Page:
blogIn the first post of this two part series, I shared some thoughts about using blogging to establish or promote yourself as a thought leader. For that I focused on what some would see as a group unlikely to be persuaded to blog, CEOs.

In this second post of the series I share some results of a few hours searching for examples of CEO blogs with interesting, useful content.

I found seven really interesting blogs by CEOs. In this post I comment on three of them and hope to comment on the others in a separate post in the not too distant future.

Two things in particular stand out for me with these examples:

  • They cover a range of interesting topics and are in no way just being used to spout some PR about the respective companies
  • They are interesting to read in their own right, not just because the authors are CEOs

 

Penny Herscher, First Rain

Penny Herscher, CEO First Rain, blog

Penny Herscher is the CEO of FirstRain, which describes itself as “a team of data scientists, UX designers and business leaders that are at the forefront of cutting-edge big data analytics for the business professional.”

Her blog, The grassy road, is subtitled “A CEO at work and play in Silicon Valley and beyond”.

Recent posts covered:

  • her Monday morning “swim to think” ritual
  • pros and cons of being a CEO
  • how trust impacts productivity
  • venture capital, with advice on interviewing potential investors

She writes in a direct, no nonsense style, and with humor.  For example, this on the cons of being a CEO,

You’ll be lonelier than you’ve ever been in your life. That cliche “the buck stops with you” is absolutely true when you are CEO. There is no one to turn to if you have to make a hard decision. Your board is there to give you advice, but they are not going to tell you what to do. Your team is there to provide counsel and debate with you but in the end, they’ll look to you to make the difficult decisions. And there’s no one you can talk to. It’s unfair to burden your friends and family with these work related stresses. It’s you and the wall (or in my case the dog) talking it out sometimes.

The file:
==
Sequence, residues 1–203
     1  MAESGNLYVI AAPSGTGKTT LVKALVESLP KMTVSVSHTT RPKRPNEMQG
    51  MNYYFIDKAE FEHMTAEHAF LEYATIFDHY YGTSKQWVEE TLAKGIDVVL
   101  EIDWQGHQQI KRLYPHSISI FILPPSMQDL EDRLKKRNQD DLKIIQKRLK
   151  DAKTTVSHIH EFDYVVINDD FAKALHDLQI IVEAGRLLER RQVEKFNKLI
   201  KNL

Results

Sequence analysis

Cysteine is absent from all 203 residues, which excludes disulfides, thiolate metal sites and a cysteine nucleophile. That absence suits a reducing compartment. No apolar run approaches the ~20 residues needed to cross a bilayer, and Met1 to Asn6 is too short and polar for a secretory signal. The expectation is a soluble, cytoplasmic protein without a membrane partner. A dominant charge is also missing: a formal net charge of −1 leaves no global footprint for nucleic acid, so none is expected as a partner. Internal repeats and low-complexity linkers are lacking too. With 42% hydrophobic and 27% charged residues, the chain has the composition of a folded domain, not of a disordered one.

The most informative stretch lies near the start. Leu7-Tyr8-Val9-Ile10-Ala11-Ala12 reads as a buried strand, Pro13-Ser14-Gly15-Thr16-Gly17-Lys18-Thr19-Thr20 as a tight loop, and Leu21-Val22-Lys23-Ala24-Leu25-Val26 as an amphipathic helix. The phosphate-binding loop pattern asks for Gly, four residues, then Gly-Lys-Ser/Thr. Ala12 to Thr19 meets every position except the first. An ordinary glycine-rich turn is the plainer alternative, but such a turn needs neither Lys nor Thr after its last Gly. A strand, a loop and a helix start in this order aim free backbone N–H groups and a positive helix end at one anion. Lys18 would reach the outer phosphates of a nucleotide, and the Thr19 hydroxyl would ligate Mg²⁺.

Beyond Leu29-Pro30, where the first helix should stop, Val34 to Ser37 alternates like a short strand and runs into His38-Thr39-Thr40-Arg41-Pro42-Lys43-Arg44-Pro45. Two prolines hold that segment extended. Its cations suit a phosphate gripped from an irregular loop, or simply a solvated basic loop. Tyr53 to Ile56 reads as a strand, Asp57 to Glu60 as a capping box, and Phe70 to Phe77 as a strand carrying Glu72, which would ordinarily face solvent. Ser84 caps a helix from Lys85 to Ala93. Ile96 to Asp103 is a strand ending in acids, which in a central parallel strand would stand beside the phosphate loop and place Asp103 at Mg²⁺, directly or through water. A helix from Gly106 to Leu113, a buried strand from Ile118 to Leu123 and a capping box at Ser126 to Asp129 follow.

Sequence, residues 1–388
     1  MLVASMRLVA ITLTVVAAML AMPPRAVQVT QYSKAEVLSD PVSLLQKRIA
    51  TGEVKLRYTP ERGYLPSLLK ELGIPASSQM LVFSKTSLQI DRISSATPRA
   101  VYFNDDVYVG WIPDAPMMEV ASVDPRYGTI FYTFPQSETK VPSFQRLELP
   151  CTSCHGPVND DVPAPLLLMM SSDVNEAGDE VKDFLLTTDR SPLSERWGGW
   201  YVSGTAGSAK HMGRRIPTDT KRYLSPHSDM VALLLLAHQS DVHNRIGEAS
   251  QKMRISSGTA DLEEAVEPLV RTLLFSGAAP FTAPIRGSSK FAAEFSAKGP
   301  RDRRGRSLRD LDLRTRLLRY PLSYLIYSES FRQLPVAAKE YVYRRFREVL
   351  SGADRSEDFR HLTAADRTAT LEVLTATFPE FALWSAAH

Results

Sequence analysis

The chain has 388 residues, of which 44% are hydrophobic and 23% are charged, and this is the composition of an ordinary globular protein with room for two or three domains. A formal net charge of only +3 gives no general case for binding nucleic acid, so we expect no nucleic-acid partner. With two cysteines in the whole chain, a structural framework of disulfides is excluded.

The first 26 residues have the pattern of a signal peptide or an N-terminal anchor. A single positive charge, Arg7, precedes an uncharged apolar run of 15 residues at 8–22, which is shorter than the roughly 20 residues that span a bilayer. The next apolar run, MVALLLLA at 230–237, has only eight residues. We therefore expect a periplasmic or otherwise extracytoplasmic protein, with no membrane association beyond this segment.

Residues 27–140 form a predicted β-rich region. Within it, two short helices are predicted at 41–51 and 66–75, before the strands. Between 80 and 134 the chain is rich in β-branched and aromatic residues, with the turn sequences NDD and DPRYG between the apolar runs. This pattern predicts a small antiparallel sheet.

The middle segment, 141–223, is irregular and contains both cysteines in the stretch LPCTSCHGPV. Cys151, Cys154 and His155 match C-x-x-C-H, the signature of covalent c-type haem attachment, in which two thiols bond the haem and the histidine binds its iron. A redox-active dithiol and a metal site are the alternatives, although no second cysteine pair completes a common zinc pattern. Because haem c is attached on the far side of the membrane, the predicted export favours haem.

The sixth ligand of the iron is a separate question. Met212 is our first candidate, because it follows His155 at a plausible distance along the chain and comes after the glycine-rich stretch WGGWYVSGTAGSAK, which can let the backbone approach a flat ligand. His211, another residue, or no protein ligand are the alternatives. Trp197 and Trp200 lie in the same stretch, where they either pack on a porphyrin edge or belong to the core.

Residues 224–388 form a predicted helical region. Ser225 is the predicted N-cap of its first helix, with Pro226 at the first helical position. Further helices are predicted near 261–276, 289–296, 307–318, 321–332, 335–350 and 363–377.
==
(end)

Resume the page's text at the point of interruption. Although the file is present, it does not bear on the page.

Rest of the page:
I’ve often talked about that phenomenon, with some degree of self-interest, ok a lot, as I am wanting people to see the value of hiring a coach. But I have never previously seen or heard it expressed so well and so much to the point.

But what is really inspiring for me as a blogger is that this blog has been going since 2007 and kept going through 2008 – 86 posts – when the world’s finances were in serious trouble and FirstRain was not exempt and when Penny Herscher said, according to this article, that “the wheels came off the bus”.

 

George Colony, Forrester Research

George Colony, CEO Forrester, blog

George Colony is CEO of the leading research and advisory firm, Forrester Research, which declares on its website “We work with business and technology leaders to develop customer-obsessed strategies that drive growth.”

Recent posts on George Colony’s Blog: The Counterintuitive CEO have been about:

  • What startups teach
  • Apple Watch
  • Microsoft and customers
  • The empowered customer

Over the years I have learned a lot from what Forrester has shared publicly from its research findings and have often used Forrester’s Social Technographics ladder to illustrate to various audience the different ways in which people can interact online via the social web.

So I had particular enjoyment from finding George Colony’s blog and even more enjoyment from reading his posts, written in an easy but very informative style. See for instance his less than complimentary, but not unkind, review of the Apple Watch last year:

Beautiful, but a niche product. I estimate that only 10% of the 250 million worldwide iPhone users will buy the Apple Watch.

The author has been a bit quiet lately, with no posts this year, but that needs to be balanced against the fact that he started in May 2004 and has kept the blog going through all those years.

Let’s hope he can find or make the time soon to share some more of his counter-intuitive insight and wisdom with us.

 

Kenneth Makovsky, Makovsky Integrated Communications

Kenneth Makovsky blog
Makovsky is, according to its website, “…one of the top 25 integrated communications firms in the United States”

The company, founded in 1979, is headquartered in New York City, with divisions in health, financial and professional services, technology, energy and sustainability, and digital branding.

Founder and CEO Kenneth Makovsky’s blog is My Three Cents

The blog started in January 2012 and the author has posted frequently and regularly since then, his latest post appearing only a day ago.

  • Corporate Culture: What’s the ROI?
  • The Real Culprit in the Financial Crisis
  • Doing Well by Doing Good
  • When an Icon Crumbles (the Bill Cosby story)

Once again, we find a CEO writing in an easily accessible way, but without being lightweight.

I often talk with businesses about the importance of corporate culture. The following gem of data from Mr Makovsky’s latest post will be kept within easy reach.

Co-sponsored by Crawford International and HR.com, a 9-year study of 94 large companies revealed that organizations that have responsive, flexible cultures and strong leaders outperform those that don’t by an astonishing 900 to 1, as measured by long-term net income and stock price growth.

Do you have a favorite CEO blog? Let us know.

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Des Walsh is an executive coach. He helps business owners and entrepreneurs worldwide deal effectively with the feeling of being left behind or overwhelmed, or both, about social media – especially LinkedIn - and how to engage safely and effectively with social media to help grow their business. Connect with Des on LinkedIn, Google+ and Twitter. And to stay in the loop, get Des’s weekly Social Business Bites (select snippets of his "best of the week" online finds).